“Challenges that need addressing in 2.5D / 3D IC are supply-chain related. The current cost structure for 2.5D / 3D is leveraged by materials and processing equipment.” (Overheard at the GSA Silicon Summit 2013, April 2013.)
Supply chain complexity and cost: it seems to be the theme common to current discussions about implementing 3D IC technology in high-volume manufacturing today.
Consider this: the end-to-end 3D IC business model TSMC proposed in late 2011 has yielded to a new approach in 2013. TSMC is now expanding its service direction to include collaboration with customers in designing a 3D IC supply chain model that may or may not integrate OSATS, at the customer’s discretion.
It sounds more complex, adding links to the 3D IC supply chain, but could TSMC be making this change with an eye toward lowering costs, and hoping thereby to encourage 3D IC time-to-volume?
Or is it that TSMC has an eye on the competition? After all, GLOBALFOUNDRIES has stuck to its guns all along on 3D IC, reiterating its dedication to an open 3D supply chain collaboration that involves the logic foundry, memory foundry, OSAT and customer.
Either way, for 3D IC supply chains to work in concert, start to finish, link to link, reliably delivering quality products to the end customer, all parties involved in the chain need to be on-board and coordinated, despite each party having individual business objectives, and individual practical constraints, that may influence their individual levels of enthusiasm and appetite as supply chain participants.
That situation sounds like it could be messy.
And also sounds like it could be the topic for a great Harvard Business School case study.
Rather than wait for the definitive HBS 3D IC supply chain case study though, here at 3D InCites we decided to take on the topic ourselves.
What are the unifying elements that hold complex 3D IC supply chains together? The only element we can see that could ultimately unify the various companies and cultures in the 3D IC supply chain is … profit.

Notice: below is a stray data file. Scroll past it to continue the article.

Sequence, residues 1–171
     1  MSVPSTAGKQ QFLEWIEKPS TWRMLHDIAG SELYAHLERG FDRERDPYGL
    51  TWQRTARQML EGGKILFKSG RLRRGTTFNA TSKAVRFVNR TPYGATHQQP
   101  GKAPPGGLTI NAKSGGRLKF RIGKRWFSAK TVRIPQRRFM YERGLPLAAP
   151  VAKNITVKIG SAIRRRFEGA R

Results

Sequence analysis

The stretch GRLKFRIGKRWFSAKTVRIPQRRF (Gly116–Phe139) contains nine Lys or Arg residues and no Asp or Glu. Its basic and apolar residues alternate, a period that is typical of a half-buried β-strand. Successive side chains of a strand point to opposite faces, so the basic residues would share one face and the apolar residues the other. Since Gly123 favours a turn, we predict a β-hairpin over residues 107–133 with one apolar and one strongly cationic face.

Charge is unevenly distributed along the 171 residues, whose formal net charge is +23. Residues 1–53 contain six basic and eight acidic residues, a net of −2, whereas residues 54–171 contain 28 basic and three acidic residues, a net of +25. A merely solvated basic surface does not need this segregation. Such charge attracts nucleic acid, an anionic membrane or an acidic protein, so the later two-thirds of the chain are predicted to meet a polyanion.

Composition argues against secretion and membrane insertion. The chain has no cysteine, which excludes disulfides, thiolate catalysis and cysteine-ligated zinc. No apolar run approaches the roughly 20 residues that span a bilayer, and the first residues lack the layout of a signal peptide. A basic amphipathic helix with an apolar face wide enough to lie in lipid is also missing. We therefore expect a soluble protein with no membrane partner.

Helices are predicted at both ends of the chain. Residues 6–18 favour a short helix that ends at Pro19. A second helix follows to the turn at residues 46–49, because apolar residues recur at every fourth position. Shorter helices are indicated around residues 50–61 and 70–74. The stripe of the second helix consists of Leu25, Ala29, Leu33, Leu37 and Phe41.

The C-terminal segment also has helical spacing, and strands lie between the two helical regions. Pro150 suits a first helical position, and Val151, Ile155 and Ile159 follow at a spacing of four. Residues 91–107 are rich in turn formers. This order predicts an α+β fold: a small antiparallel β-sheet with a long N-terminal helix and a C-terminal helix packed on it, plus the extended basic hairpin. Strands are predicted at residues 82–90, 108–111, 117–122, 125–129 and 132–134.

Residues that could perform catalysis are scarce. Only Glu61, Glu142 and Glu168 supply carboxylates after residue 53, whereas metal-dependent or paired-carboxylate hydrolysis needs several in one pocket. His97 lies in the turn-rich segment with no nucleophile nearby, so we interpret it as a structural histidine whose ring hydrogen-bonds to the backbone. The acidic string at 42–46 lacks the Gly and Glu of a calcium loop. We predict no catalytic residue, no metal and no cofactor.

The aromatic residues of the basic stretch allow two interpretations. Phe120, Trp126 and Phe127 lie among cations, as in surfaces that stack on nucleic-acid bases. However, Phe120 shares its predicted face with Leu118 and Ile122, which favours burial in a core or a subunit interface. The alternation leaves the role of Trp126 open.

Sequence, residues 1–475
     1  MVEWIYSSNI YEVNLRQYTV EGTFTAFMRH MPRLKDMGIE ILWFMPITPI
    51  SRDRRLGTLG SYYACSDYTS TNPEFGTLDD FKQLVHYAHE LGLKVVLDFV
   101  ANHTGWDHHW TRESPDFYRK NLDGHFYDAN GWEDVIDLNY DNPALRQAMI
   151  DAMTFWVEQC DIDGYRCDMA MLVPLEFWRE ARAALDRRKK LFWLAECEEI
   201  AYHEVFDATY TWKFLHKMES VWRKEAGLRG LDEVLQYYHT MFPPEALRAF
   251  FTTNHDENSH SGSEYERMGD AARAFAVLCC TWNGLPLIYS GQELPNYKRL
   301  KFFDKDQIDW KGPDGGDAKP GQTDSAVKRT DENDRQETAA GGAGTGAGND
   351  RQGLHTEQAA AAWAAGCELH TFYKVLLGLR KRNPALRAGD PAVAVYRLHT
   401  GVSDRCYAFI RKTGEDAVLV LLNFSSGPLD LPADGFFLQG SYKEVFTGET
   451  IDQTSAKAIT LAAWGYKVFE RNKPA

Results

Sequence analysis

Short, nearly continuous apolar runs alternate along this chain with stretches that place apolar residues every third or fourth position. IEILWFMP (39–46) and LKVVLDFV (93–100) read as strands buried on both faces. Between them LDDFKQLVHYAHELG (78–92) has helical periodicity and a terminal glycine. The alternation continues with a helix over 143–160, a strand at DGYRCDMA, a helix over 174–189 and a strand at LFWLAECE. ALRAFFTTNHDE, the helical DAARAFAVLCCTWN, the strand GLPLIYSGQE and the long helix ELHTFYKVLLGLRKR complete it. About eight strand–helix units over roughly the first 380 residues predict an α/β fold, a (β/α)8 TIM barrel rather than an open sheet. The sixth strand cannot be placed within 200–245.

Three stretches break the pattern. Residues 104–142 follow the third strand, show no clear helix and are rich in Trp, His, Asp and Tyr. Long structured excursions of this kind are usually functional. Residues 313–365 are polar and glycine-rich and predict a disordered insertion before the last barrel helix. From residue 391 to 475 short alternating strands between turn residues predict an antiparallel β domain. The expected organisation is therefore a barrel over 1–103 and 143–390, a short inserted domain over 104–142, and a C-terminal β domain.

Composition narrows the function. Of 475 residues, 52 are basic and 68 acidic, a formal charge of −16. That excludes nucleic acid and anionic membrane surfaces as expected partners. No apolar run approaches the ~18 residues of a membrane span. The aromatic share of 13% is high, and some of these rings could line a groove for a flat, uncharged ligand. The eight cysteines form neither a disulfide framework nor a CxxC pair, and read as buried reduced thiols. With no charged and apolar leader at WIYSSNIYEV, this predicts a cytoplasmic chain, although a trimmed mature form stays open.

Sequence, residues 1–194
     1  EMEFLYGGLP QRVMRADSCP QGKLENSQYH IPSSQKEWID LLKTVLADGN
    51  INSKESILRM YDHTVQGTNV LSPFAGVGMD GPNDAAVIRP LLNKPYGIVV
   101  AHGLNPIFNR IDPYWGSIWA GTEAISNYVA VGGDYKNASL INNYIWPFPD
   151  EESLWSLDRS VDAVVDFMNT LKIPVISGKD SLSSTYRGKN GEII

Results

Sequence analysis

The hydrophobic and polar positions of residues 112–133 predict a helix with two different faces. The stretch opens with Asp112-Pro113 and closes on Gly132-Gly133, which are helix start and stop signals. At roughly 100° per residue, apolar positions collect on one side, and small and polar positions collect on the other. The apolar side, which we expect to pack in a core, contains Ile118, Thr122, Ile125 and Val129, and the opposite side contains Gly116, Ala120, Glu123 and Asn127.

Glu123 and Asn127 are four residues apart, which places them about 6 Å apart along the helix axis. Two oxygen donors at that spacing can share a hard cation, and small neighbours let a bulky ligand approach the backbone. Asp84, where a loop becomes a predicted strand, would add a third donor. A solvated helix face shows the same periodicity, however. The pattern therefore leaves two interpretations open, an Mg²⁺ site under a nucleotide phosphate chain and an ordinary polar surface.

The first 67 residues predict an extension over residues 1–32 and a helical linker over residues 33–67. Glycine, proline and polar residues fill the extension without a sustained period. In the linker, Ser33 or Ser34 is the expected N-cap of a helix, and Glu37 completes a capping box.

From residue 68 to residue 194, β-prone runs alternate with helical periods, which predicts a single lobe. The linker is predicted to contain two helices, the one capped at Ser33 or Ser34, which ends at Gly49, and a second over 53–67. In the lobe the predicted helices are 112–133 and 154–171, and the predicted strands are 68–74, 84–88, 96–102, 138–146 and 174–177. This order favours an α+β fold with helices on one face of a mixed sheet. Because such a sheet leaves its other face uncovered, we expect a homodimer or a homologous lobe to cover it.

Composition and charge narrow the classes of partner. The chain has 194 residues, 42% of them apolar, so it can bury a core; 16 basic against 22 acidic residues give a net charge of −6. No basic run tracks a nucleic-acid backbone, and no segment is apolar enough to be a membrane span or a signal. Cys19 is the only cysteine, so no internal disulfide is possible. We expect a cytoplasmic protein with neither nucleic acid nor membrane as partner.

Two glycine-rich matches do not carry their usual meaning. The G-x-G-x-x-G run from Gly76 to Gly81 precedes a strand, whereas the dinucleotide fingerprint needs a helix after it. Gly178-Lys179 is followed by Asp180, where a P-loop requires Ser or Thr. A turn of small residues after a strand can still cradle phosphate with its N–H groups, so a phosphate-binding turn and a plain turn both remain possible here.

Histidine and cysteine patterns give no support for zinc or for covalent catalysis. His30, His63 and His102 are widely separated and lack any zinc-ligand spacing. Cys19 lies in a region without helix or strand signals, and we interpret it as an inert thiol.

Unless the various individual elements of the 3D IC supply chain can each see reasonable business benefits to their continued participation, it would take only one ‘weak link’ dropping out for the entire supply chain to be compromised.
Next question: just how can disparate player companies in the 3D IC supply chain ensure that the business side of the equation makes sense for them?
To answer that, we decided to look at the available methods that might assist player companies to solidify their understanding of the business variables embedded in 3D IC supply chain participation.
And that’s what led us to Wright Williams & Kelly, Inc. (WWK). WWK has been involved with complex factory and supply chain modeling in the semiconductor industry for over 20 years, and seems a natural partner with whom to have a business of 3D IC supply chains conversation. 3D InCites sat down with Alan Levine, Director, WWK, to share his thoughts.
3D InCites: Tell us a little bit about WWK please Alan.
Alan: WWK is run on a very simple philosophy. We ask one basic question: what is the value in doing ‘this’? ‘This’ is whatever it is you are considering, including 3D ICs. The question may be simple, but getting the answer rarely is. We’ve developed applications that allow us to model businesses, factory flows, process step costing and so forth to help answer that basic question. At the end of the effort, by answering the value question, our customers have the type of information they need to make better business decisions.
3D InCites: How does this apply to the complex supply chains involved in the 3D IC business?
Alan: We recognized a long time ago that supply chains are only sustainable if everyone gets something out of it. We’ve designed our cost and value modeling tools to be able to operate over multiple factories. We’ve applied them to IC-based solutions like 3D ICs, but also in areas like solar, displays, LEDs, ink jet cartridges and so forth. WWK has always operated as a bridge between technology and business. A decision, no matter how much it appears to be technical in nature, is almost always a business decision. And we’ve developed the business processes and tools to support that. It just gets more complex when the decisions have lots of players with lots of moving parts.
3D InCites: Can you give us a little more color on that?